A vocalist’s instrument is built into their body and is based on their breathing. How well a singer can perform depends significantly on how well they can breathe and control their inhalations and exhalations.
Being able to control breathing well doesn’t simply happen; it results from practicing breathing techniques. Here are techniques to help you improve your singing:
1. Breathe From Your Diaphragm
Singers, athletes, and anyone who wants good health should learn to use all their lung capacity, which means breathing from their diaphragms. All too often in daily life, we take shallow breaths that fill only the top portion of our lungs, leaving the depths of our lungs unused. Not only does this adversely affect our health, but it also impacts our singing performance: breathing from our diaphragms results in powerful, sustained notes and the possibility to improve phrasing.
Vocalists struggling with shortness of breath may have an underlying condition like asthma or chronic obstructive pulmonary disease. A pulmonologist can diagnose which condition it is with a spirometer. You can then monitor your condition with a device such as a Spirolyser spirometer.
Practice diaphragmatic breathing by focusing on your chest expanding in all directions and your belly moving out as you inhale. Notice the support this lends to your body. Then, as you exhale, focus on your belly moving in (toward your spine) and your chest deflating. Keep your shoulders down while you do so. Daily practice of diaphragmatic breathing will establish this foundational skill; a side benefit is that you will experience less anxiety and stress.
2. Practice Taking Huge Breaths
Sometimes you will have to sing extended lines on a single breath. To develop your capacity, practice getting large amounts of air into your lungs while breathing diaphragmatically. Breathe in through your nose for a count of four, hold for a count of eight, and breathe out for another eight. Regularly practicing this technique will enable you to take in large amounts of air quickly.
3. Practice Slowing Your Exhalations
Practicing inhalations helps you get air. But producing sound involves exhalation, the more difficult portion of the breathing cycle to control. Practice breathing out for as long as possible, releasing the air in your lungs a little at a time to build control over your singing speed. A metronome can be a helpful aid for this exercise.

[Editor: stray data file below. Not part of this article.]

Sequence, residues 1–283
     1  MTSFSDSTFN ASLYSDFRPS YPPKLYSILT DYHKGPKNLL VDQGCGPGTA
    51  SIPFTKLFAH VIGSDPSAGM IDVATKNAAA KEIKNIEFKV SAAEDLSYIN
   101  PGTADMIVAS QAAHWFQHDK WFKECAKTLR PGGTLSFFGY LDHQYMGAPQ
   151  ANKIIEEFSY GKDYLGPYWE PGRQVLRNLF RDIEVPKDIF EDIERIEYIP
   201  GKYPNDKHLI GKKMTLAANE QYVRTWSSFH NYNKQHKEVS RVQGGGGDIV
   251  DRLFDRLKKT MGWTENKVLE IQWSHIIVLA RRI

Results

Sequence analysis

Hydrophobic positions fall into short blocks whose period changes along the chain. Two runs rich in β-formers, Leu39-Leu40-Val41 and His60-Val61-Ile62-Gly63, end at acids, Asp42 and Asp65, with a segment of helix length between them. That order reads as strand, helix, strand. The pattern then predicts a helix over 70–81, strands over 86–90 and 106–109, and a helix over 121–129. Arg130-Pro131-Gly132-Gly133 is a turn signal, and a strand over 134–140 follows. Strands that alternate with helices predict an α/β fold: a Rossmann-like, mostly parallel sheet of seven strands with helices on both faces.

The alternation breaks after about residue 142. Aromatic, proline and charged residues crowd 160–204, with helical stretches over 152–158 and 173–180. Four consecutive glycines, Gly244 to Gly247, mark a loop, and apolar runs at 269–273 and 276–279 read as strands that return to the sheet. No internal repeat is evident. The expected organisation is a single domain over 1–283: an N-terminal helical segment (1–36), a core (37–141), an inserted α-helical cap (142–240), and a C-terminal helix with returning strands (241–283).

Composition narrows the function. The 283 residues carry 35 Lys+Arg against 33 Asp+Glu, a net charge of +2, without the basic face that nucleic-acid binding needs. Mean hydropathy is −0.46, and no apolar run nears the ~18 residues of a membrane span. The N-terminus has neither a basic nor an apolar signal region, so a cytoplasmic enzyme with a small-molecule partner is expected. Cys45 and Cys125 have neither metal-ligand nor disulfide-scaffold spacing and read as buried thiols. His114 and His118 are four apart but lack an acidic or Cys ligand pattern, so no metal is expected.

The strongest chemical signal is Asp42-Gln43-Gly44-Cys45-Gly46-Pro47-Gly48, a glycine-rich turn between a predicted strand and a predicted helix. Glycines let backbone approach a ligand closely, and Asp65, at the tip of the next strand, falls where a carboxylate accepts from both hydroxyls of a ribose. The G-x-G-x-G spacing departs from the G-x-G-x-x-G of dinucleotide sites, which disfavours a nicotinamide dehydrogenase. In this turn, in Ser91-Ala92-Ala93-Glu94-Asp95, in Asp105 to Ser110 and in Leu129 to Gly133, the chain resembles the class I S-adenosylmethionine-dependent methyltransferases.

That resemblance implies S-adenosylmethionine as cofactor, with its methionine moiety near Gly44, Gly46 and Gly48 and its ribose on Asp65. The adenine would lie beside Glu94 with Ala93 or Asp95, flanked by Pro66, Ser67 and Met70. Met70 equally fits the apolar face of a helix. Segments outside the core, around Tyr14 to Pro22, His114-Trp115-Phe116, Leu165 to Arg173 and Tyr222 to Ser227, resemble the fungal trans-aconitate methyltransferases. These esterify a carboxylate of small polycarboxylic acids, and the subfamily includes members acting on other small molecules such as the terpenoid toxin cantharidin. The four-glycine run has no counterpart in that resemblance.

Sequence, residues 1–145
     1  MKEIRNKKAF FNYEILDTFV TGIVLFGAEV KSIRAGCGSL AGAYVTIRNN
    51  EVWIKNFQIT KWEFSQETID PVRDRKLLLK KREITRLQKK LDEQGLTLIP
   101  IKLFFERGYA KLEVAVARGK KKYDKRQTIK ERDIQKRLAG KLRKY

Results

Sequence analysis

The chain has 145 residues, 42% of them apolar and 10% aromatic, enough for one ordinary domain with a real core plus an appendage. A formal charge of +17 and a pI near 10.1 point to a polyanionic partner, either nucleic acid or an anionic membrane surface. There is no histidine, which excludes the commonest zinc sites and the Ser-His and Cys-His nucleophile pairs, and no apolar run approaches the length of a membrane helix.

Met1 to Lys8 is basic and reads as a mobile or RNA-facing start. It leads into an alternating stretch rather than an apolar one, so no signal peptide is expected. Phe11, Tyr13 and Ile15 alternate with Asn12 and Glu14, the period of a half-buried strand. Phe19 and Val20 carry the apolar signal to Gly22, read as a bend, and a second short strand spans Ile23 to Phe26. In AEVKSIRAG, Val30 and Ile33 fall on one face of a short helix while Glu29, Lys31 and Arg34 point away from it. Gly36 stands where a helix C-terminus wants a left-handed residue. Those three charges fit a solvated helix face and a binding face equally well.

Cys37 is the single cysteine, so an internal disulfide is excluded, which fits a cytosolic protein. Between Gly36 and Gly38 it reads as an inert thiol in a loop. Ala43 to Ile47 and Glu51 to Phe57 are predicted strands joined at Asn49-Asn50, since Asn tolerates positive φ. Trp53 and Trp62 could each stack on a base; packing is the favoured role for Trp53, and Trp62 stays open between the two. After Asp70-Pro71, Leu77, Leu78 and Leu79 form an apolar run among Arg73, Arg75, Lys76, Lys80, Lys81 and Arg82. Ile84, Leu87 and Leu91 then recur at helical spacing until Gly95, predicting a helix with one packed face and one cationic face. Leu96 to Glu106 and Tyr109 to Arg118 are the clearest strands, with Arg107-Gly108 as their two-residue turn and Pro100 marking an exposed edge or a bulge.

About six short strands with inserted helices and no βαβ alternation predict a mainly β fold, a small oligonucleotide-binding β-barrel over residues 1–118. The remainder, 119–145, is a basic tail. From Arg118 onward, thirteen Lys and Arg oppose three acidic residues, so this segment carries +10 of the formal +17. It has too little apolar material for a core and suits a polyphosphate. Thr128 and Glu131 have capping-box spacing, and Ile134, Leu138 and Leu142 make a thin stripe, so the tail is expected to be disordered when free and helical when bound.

You can extend this to singing scales in your range to understand the limits of your voice before trying to push it.
4. Practice Gasping and Panting
Sometimes you will have to take a breath during a brief note rest. Getting enough air in during that fraction of time to finish the phrase is essential. So practice gasping (as quietly as possible) while using your diaphragm, or practice exaggerated panting while using your diaphragm. These exercises train your body to fill your lungs’ total capacity more quickly. You can also practice short laughs between each gasp, which is especially helpful for rapping.
Stop it if you feel light-headed, or you could end up fainting or cataplectic (temporarily paralyzed). Not fun!
5. Practice Physical Exercise and a Healthy Lifestyle
Although many musicians have been known for their wild lifestyles, the truth is that if you want to get the most out of your voice and have a successful career as a singer, you should eat healthily and participate in physical exercise such as running, dancing, or yoga to keep your body in peak condition. A healthier, fitter body gives you greater control over your voice, and exercise helps to reinforce diaphragmatic breathing.
Practicing breathing from the diaphragm, taking huge breaths, slowing your exhalation, and using laughter as an exercise will help you improve your singing performance. And to make the most out of it, enjoy a healthy lifestyle.